What is Impact Investing?
Impact investing is a passion investment strategy to generate specific beneficial social or environmental effects in addition to financial returns. The point of impact investing is simply to use money and investment capital for positive social impact, and these investments can take many forms
Investors who utilize this strategy consider a company’s own commitment to corporate social responsibility when determining investment decisions.
Background of Impact Investing
The term impact investing was first coined in 2007, but the concept had been in practice for years prior.
Some investors consider this to be an extension of philanthropy because of the focus on bettering society. Tactics can include ESG investing, sustainable investing, investing in social enterprises, or investing in the private sector focused on sustainable development.
- Impact Investor: Invests with the intention to generate measurable social impact alongside a financial return.
- Impact Investee: A mission-driven organization (for-profit, nonprofit, or hybrid) with a market-based strategy.
Types of Impact Investments
Impact investments can come in almost any form of capital or investment vehicle. In 2019, the Global Impact Investing Network (GIIN) published the Core Characteristics of Impact Investing to provide clarity over what constitutes an impact investment. The following four tenets were established:
- Intentionality: An investor’s intention to have a positive social or environmental impact through investments is essential to impact investing
- Investment with Return Expectations: Impact investments are expected to generate a financial return on capital or, at minimum, a return of invested capital
- Range of Return Expectations and Asset Classes: Impact investments target financial returns that range from below market (sometimes called concessionary) to risk-adjusted market rate, and can be made across asset classes including fixed income, venture capital, private equity and more
- Impact Measurement: A trait of impact investing is the commitment of the investor to measure and report the social and environmental performance and progress of underlying investments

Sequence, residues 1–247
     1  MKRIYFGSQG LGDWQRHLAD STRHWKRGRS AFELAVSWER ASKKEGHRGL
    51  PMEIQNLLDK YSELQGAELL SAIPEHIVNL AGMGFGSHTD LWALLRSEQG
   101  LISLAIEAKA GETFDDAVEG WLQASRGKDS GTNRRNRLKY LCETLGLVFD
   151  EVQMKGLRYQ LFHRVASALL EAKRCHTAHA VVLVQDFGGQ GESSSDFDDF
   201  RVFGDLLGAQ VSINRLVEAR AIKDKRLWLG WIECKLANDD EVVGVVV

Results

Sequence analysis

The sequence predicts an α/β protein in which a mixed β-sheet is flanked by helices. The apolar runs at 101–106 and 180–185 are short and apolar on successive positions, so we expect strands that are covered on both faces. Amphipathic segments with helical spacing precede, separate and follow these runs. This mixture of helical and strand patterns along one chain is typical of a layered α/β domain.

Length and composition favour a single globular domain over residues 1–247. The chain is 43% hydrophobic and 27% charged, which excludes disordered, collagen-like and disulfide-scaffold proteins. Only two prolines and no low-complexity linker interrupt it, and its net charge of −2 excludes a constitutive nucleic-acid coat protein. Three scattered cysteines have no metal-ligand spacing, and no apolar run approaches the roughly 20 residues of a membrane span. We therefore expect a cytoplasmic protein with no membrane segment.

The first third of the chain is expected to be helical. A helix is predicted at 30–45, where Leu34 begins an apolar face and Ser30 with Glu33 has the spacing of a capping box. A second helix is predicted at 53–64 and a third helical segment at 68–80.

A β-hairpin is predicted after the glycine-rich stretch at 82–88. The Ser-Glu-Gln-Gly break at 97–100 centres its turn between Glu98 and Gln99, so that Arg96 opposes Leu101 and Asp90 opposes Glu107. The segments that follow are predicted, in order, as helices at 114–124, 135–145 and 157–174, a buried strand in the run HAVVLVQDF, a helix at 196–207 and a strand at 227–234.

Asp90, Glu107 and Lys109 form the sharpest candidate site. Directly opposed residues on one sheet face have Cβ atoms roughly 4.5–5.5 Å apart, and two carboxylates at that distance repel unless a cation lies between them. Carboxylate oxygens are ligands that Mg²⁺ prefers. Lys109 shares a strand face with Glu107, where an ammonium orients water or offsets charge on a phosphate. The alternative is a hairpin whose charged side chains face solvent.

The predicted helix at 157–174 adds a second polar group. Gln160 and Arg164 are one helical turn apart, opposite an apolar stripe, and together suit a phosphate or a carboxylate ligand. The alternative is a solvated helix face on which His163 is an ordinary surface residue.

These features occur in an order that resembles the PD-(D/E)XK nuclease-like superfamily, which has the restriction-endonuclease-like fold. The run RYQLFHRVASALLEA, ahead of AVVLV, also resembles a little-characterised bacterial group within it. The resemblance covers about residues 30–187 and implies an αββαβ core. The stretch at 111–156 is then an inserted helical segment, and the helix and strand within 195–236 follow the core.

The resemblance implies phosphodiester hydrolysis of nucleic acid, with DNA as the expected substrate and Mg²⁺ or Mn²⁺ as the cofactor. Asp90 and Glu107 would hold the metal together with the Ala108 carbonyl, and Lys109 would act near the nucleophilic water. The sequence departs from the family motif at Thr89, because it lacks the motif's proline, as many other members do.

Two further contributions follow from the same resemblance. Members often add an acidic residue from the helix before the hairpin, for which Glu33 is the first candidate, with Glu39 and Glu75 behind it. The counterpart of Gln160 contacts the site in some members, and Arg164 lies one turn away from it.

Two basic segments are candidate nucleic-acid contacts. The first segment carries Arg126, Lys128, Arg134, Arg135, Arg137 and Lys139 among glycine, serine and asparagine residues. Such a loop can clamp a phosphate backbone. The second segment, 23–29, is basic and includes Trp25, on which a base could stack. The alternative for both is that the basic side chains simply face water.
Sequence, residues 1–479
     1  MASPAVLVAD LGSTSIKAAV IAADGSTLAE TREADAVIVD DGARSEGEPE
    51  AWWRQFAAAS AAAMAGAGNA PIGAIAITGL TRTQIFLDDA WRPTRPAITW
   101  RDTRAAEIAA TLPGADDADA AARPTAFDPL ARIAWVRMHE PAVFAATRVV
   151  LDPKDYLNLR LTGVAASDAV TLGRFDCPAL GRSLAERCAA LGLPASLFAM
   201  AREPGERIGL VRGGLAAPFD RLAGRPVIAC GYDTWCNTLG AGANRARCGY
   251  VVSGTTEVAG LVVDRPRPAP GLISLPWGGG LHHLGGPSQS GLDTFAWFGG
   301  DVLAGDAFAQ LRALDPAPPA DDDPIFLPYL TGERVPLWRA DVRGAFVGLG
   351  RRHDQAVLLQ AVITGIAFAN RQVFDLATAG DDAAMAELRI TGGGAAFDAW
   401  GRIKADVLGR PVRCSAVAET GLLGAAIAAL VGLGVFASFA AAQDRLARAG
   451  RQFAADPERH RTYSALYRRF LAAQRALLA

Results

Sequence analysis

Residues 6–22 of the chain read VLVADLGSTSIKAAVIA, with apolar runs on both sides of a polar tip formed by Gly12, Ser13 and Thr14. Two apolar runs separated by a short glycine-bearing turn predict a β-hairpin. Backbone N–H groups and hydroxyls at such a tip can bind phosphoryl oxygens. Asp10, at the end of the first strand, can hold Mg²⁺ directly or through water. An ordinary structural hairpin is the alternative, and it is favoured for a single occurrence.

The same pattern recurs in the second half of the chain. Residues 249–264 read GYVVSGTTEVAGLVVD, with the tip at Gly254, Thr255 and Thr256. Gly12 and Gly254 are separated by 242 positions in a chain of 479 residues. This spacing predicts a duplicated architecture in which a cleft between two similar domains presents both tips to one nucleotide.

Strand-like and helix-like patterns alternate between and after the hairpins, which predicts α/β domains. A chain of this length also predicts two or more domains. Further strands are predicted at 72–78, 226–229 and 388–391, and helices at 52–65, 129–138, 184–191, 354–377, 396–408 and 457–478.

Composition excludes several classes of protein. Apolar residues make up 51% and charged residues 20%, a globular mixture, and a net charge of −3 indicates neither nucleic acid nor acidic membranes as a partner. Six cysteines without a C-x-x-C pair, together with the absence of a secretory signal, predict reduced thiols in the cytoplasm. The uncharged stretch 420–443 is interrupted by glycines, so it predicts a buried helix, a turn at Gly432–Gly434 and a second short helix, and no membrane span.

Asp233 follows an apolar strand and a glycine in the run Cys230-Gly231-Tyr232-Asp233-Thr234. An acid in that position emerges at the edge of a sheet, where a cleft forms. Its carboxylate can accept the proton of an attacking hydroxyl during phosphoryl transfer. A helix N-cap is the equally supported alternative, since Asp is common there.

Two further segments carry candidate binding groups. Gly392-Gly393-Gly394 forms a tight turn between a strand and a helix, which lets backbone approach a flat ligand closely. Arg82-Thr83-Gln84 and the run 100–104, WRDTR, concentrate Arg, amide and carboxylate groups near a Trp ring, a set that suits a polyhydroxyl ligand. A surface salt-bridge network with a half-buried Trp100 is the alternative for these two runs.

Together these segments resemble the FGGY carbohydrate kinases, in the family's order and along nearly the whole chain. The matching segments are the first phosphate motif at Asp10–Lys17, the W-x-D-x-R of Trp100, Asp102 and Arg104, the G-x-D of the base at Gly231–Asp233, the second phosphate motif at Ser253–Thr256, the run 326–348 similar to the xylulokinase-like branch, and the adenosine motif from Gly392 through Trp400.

While investing in individual stocks, investors can take an impact investing approach to filter companies to invest in and companies to avoid. To determine which companies align with an investor’s values, they can look to sustainability reports, equity and inclusion reports, or lists provided by third-party analysts.
Impact investors can invest in mutual funds, exchange-traded funds (ETFs) or bonds that choose companies that align with values that matter to them.
Investors may also avoid investing in companies whose practices they disagree with, often called “sin” stocks: this can include alcohol, tobacco, or weapons.
Impact Investing Funds
These funds allow investors to spread their capital across many different companies that have a social mission the investor supports. Funds can be focused on an emerging market or developed economies, can focus on a specific industry such as healthcare or renewable energy, or can be spread across multiple.
Environmental, Social, and Governance (ESG)
ESG refers to the practices of an investment that may have a material impact on the performance of that investment. The integration of ESG factors enhances traditional financial analysis by identifying potential risks and opportunities beyond technical valuations.
While ESG has an overlay of social consciousness, the main goal of ESG is not to promote positive impact but instead to utilize sustainability valuation for financial performance.
Socially Responsible Investing (SRI)
SRI goes a step further than ESG by actively eliminating or selecting investments according to specific ethical guidelines. Unlike ESG analysis, which shapes financial valuations, SRI uses ESG factors to apply negative or positive screens on an investment universe.